in front ; the late Senator Jacob M. Howard was a law student 
with this firm, as I had occasion to know, because at that time he 
was my Sunday school teacher in the Baptist Sunday school. Hte 
was an ideal teacher, to my mind. His clear and interesting 
expounding of the meanings of the various passages of Scripture 
included in our lessons made it quite easy for our young minds to 
grasp them. In all his after life, until death took him so suddenly, 
he was, in my mind, always my Sunday school teacher. 


To the Editor of the free Press: 

In reply to Mr. C. M. Burton in yours of Sunday last, say: 
Instead of thinking him captious or critical in suggesting a few 
corrections and additions to my articles that appeared the 13th, I 
thank him very much. In calling to mind the personalities, etc., of 
various old residents of Detroit who have passed away, I did not,, 
and do not intend to give, only in a partial way, their antecedents,, 
nor the after career of their descendants, as in some instances it 
would be impossible. All those old residents that I have men- 
tioned, and those that I may hereafter mention, I knew personally, 
and those of that time that I did not know, I do not write about. 

In regard to Mr. Hunt. I never heard him called by any 
other name than Henry I. Hunt. He being such a prominent man 
in this community, and having died such a brief period before I 
came, his name was, so to speak, in everyone's mouth. Have no 
doubt his name was as Air. Burton puts it. 

As regards the Dodemeads, Dysons and Jacksons, I only 
know about the first named that Mrs. Dyson was a Dodemead, and 
that the property referred to, corner Jefferson Avenue and Shelby 
Street, was always called the Dodemead corner. I knew Sam Dy- 
son and Aunt Jane intimately (think I have mentioned them 
before). I also knew Anna Jackson well. Was an admirer of 
hers myself, and when she married Mr. Leonard Watkins ("Len" 
Watkins) I was his best man. In a future article I shall have 
something to say in regard to Anna Watkins's three daughters, as 
also her second husband, Jonathan Thompson. 

Referring to Mr. Tunis S. Wendell, whose name was men- 
tioned in a former article, I omitted to say that two of his daugh-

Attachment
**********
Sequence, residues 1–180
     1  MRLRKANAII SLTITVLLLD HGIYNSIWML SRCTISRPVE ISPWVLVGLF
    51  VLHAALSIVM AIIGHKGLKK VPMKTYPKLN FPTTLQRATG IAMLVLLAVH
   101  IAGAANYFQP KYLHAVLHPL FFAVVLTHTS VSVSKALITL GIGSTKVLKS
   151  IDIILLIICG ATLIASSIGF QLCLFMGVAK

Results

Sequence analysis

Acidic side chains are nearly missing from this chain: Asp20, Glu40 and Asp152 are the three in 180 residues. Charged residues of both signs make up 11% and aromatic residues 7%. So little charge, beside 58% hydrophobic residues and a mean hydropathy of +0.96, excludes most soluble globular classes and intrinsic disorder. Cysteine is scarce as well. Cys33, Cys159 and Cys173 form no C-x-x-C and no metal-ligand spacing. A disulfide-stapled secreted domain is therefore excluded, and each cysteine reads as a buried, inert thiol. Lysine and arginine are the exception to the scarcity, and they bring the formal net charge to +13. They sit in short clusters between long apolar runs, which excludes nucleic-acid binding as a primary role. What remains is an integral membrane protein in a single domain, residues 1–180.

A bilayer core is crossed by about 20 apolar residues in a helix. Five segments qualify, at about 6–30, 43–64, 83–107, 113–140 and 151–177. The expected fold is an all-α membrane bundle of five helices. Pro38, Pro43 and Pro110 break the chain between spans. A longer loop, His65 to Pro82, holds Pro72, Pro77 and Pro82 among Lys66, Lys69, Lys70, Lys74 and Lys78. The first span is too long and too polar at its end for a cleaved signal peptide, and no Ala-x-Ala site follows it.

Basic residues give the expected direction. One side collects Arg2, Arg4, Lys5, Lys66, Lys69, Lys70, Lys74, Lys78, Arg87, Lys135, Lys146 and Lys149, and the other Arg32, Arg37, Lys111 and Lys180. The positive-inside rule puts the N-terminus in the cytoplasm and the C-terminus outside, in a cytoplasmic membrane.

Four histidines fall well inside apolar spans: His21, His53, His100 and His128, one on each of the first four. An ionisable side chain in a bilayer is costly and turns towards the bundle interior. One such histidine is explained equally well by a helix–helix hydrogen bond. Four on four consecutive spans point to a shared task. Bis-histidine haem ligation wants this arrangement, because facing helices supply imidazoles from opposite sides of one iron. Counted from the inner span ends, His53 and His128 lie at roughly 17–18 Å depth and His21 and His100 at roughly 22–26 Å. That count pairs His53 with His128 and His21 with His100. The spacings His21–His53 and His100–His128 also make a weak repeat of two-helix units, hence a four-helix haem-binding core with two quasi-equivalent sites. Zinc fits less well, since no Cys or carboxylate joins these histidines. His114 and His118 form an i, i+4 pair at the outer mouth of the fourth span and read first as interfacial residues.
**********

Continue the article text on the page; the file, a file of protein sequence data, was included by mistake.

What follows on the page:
ters are still living; one, the widow of Mr-. Geo. E. Curtiss (for- 
merly leather dealer here) at 374 Cass Avenue; and the other, 
widow of Mr. Reuben Doolittle, who was an extensive paper 
dealer in Chicago, lives in the latter city, at 174 Oakwood Boule- 
vard. I also mentioned a son of Mr. Wendell, Captain Chas. E. 
Wendell, as having been killed in the civil war. I desire to add 
that he fell while leading the First Michigan Volunteer Regiment 
at "double quick" immediately after the fall of Colonel Horace S. 
Roberts, his most intimate comrade in arms. This at the second 
battle of Bull Run. Friend Palmer. 

Detroit, December 22, 1903. 


ON Jefferson Avenue, adjoining the Dodmead house (T. B. 
Wendell's store), Judge Abraham Canniff had a boot and 
shoe store, he being a shoemaker by trade. Charles M. 
Bull, next to him, kept a general grocery store. Along here a 
woman had a millinery shop, she afterwards became Mrs. Chaun- 
cey Hulbert. 

David Cooper had a general store, and Conrad Seek had a 
tailor shop about 1830. Afterwards on part of this property was 
built the Granite Block, so-called. It was not granite, however, 
but an imitation, being brick covered with stucco. Later on, 1845, 
G. F. Rood & Co. Qccupied a story and a half building as a sta- 
tionery store and book bind-ery adjoining.. 

Dr. Hoyt built and occupied a four-story brick building that 
adjoined the F. & M. Bank. This was afterwards occupied as a 
billiard saloon and dwelling by Tobias Love. The billiard saloon 
was the first floor. It was afterwards occupied by the Peninsula 
Bank on the first floor, and the upstairs as offices by William 
Hale, lawyer. 


Lawyer Hale, as he was more familiarly termed, was at one 
time a member of the Common Council, and when General Cass 
proposed to donate to the city the present Cass Park. The sub- 
ject came up before the council May 8, i860 (it had been up 
before, it appears), through the following resolution, offered by 
Mr. Hale : 

"Resolved, that the resolution and proceedings of the Com- 
''mon Council in relation to the acceptance of a parcel of ground